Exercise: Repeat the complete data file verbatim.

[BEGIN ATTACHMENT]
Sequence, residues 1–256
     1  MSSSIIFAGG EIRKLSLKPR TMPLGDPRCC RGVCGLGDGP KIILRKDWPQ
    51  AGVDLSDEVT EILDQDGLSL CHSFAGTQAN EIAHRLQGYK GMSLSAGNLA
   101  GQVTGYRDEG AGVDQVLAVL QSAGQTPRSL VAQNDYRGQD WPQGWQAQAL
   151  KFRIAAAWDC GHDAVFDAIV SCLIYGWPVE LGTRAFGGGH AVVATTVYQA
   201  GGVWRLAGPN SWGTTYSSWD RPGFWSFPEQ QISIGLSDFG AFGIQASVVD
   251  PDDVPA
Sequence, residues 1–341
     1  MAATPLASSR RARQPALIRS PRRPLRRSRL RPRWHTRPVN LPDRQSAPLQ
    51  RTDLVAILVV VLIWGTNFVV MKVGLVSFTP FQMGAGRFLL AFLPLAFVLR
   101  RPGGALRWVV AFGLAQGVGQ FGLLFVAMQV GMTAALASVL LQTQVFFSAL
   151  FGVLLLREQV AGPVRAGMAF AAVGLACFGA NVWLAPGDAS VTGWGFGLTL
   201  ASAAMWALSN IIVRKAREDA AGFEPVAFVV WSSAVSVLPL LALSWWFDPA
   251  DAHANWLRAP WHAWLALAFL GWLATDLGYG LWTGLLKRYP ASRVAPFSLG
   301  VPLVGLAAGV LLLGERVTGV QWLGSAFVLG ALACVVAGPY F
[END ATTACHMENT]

Sequence, residues 1–256
     1  MSSSIIFAGG EIRKLSLKPR TMPLGDPRCC RGVCGLGDGP KIILRKDWPQ
    51  AGVDLSDEVT EILDQDGLSL CHSFAGTQAN EIAHRLQGYK GMSLSAGNLA
   101  GQVTGYRDEG AGVDQVLAVL QSAGQTPRSL VAQNDYRGQD WPQGWQAQAL
   151  KFRIAAAWDC GHDAVFDAIV SCLIYGWPVE LGTRAFGGGH AVVATTVYQA
   201  GGVWRLAGPN SWGTTYSSWD RPGFWSFPEQ QISIGLSDFG AFGIQASVVD
   251  PDDVPA
Sequence, residues 1–341
     1  MAATPLASSR RARQPALIRS PRRPLRRSRL RPRWHTRPVN LPDRQSAPLQ
    51  RTDLVAILVV VLIWGTNFVV MKVGLVSFTP FQMGAGRFLL AFLPLAFVLR
   101  RPGGALRWVV AFGLAQGVGQ FGLLFVAMQV GMTAALASVL LQTQVFFSAL
   151  FGVLLLREQV AGPVRAGMAF AAVGLACFGA NVWLAPGDAS VTGWGFGLTL
   201  ASAAMWALSN IIVRKAREDA AGFEPVAFVV WSSAVSVLPL LALSWWFDPA
   251  DAHANWLRAP WHAWLALAFL GWLATDLGYG LWTGLLKRYP ASRVAPFSLG
   301  VPLVGLAAGV LLLGERVTGV QWLGSAFVLG ALACVVAGPY F